A fast-moving winter storm is shooting across the country, dumping snow on everything in its path.
Winter Storm Gorgon, named by The Weather Channel, has traveled from Washington all the way to the midwest since Monday morning. It’s expected to move off the mid-Atlantic coast by Tuesday evening, according to the National Weather Service.
The National Weather Service identifies Gorgon as a “clipper” storm, its name for a winter storm that originates in the Canadian Rockies and gets swept southeastward by the jet stream.
Since they’re carried by the jet stream, clipper storms move very quickly — this one has been moving along at “near-freeway speeds,” according to The Weather Channel, travelling all the way across the country in about 48 hours.
Ordinarily, clipper storms don’t dump too much snow because they’re moving so fast. But Gorgon has packed plenty of punch on its journey east. According to The Weather Channel, more than 11 inches fell in parts of Washington, and parts of Iowa and Indiana got nearly eight.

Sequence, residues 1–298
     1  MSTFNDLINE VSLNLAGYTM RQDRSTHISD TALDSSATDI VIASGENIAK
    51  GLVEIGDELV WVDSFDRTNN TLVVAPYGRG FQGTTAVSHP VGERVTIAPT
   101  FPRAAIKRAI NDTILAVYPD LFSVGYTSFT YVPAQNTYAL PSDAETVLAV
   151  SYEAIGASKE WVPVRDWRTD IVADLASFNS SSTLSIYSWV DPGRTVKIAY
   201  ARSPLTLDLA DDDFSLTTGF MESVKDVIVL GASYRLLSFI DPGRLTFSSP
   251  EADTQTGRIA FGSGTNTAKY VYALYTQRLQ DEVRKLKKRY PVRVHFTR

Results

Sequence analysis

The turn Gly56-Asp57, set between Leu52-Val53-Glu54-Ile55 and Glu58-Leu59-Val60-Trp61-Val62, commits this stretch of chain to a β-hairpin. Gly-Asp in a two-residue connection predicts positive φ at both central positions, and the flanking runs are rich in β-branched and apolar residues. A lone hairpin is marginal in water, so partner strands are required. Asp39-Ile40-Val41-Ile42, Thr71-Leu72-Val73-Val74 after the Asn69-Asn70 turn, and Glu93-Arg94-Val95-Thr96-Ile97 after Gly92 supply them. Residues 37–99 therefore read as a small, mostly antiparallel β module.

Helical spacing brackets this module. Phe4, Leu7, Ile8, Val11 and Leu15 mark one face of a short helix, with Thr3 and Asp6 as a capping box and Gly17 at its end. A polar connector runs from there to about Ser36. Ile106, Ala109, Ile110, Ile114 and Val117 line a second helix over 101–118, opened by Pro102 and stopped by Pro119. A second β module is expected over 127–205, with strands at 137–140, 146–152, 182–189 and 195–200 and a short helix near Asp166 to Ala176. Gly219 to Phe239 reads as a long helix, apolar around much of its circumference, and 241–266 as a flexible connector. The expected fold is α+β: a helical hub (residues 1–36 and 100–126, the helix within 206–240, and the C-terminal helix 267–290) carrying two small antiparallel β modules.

As of Tuesday morning, the National Weather Service had issued winter weather warnings for parts of the Northeast, including Baltimore, Washington D.C., and Pittsburgh.
The Northeast is expected to get slightly lighter snowfall than other parts of the country — about 1 — 3 inches at its heaviest. But since the snow will be accumulating during commuting hours, the National Weather Service warns of hazardous travel conditions.
Even after Gorgon moves off the East Coast, the country can expect more winter weather throughout the week.
Lake effect snow is expected to hit the Great Lakes region by Tuesday night. The lake effect occurs when cold air moves over warmer lake waters, picking up moisture and forming snow clouds.
The National Weather Service also warns of a high-pressure system moving south from Canada, bringing icy temperatures along with it and more snow to the High Plains. Temperatures will be low throughout most of the country through Thursday — in the 20s, teens, and lower in some regions.
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